Category Archives: Fighting Basques

Fighting Basques: The Basques and Navarrese of the Other ‘D’ Day: Saipan and the Pacific Front

This article originally appeared in Spanish at El Diario on October 23, 2019. In contrast to the public commemorations of D-Day in Normandy, the Mariana island of Saipan attracts little or no institutional or media attention, despite its strategic importance in the Pacific Ocean theater of operations and the significance it had in the becoming […]

Fighting Basques: The other Basques of the Battle of Guadalcanal (1942): History Versus Myth

This article originally appeared in Spanish at EuskalKultura.eus on July 23, 2021. Faced with the legend and the myth of Carranza and his group of “Basque code talkers,” the real events of those Americans of Basque origin, Basque of flesh and blood, with Basque names and surnames, have to be vindicated by Basque historiography as […]

Fighting Basques: Basques in the Last Christmas of the War: The Battle of the Bulge

This article originally appeared in Spanish at El Diario on January 16, 2020. On December 14, 1944, two days before a large-scale German offensive began in the Ardennes and just four days after his 33rd birthday, the Basque-Californian soldier Alfred Starr Etcheverry wrote what would be his last letter to his wife Marion Hazard and […]

Fighting Basques: Félix and Julián Oleaga, Two Basque Brothers at the Front in Europe. From D-Day to Bastogne

This article originally appeared in Spanish at EuskalKultura.eus. Having just turned 19, the young Basque-New Yorker Julián Oleaga Garayo, slight of build, found himself with hundreds of his compatriots literally up to his neck in water – laden with equipment that almost equaled his own weight – starring in one of the most momentous episodes […]

Fighting Basques: Two German Deserters Among the Gudaris

This article originally appeared in Spanish at EuskalKultura.eus. A history of the Gernika Battalion (Pointe de Grave, 1945). When one of the authors of this blog, Guillermo Tabernilla, published the book Basque Combatants in World War II, we learned, for the first time, details of the Gernika Battalion that had not yet been treated by […]

Fighting Basques: Navarrese Marine Federico Clavería, First Correspondent in WWII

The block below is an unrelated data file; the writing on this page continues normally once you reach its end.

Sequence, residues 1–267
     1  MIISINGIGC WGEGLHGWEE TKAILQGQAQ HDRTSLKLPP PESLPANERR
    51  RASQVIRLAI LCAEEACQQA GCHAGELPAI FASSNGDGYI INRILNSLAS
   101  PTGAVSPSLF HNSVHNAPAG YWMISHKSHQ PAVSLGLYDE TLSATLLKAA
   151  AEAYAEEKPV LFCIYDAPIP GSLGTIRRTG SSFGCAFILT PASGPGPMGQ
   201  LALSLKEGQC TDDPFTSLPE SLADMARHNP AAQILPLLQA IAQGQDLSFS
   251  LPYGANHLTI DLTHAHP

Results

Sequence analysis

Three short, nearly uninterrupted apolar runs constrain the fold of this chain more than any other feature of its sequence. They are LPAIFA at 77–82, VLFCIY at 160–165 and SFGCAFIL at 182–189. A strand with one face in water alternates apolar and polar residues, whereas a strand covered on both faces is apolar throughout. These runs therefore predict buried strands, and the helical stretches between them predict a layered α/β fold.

In memory of journalists David Beriain and Roberto Fraile, murdered in Burkina Faso. This article originally appeared in Spanish at EuskalKultura.com. On October 22, 1912, 25-year-old young Navarrese Saturnino Clavería Razquin, born in Altsasu in 1886, crossed the border between Mexico and the United States (USA) through the pass between Nuevo Laredo, Tamaulipas and Laredo, […]

Fighting Basques: Relentless fighters. The Etchemendy-Trounday in World War II

Between them, these three Basque-American brothers had 27 years of military service, a third of them during World War II. This article originally appeared in its Spanish form in El Diario. In February 1952, the Reno Gazette-Journal proclaimed the Basque-American brothers John, Leon, and William Etchemendy Trounday as “the most decorated group of brothers in […]

Fighting Basques: Antonio Guezuraga Besanguiz. From the Beaches of Algeria in 1942 to Apollo 11

This native of Busturia was NASA’s chief engineer and participated in the mission that took Armstrong and Aldrin to the moon. This article originally appeared in its Spanish form in El Diario. How is it possible that a boy from a small town in Bizkaia, with just a few hundred inhabitants, managed to become one […]

Fighting Basques: “This is my war too!” Cecilia Corcuera and Carmen Arabia in the United States Army

This article originally appeared in its Spanish form in El Diario. In “Spaniards against Hitler. At the service of the United States Army,” we presented the results of a preliminary analysis on the weight of Spanish emigration in the United States Army (USA) in World War II (WWII). In that work, we identified 1,194 men and two […]

Fighting Basques: Six Basques at Pearl Harbor, The Day of Infamy

This article originally appeared in its Spanish form in El Diario. War was inevitable. The United States – despite its “neutrality” and even without considering the huge supply of raw materials and war machinery it would send to the United Kingdom in the near future – was the only country capable of standing in the way […]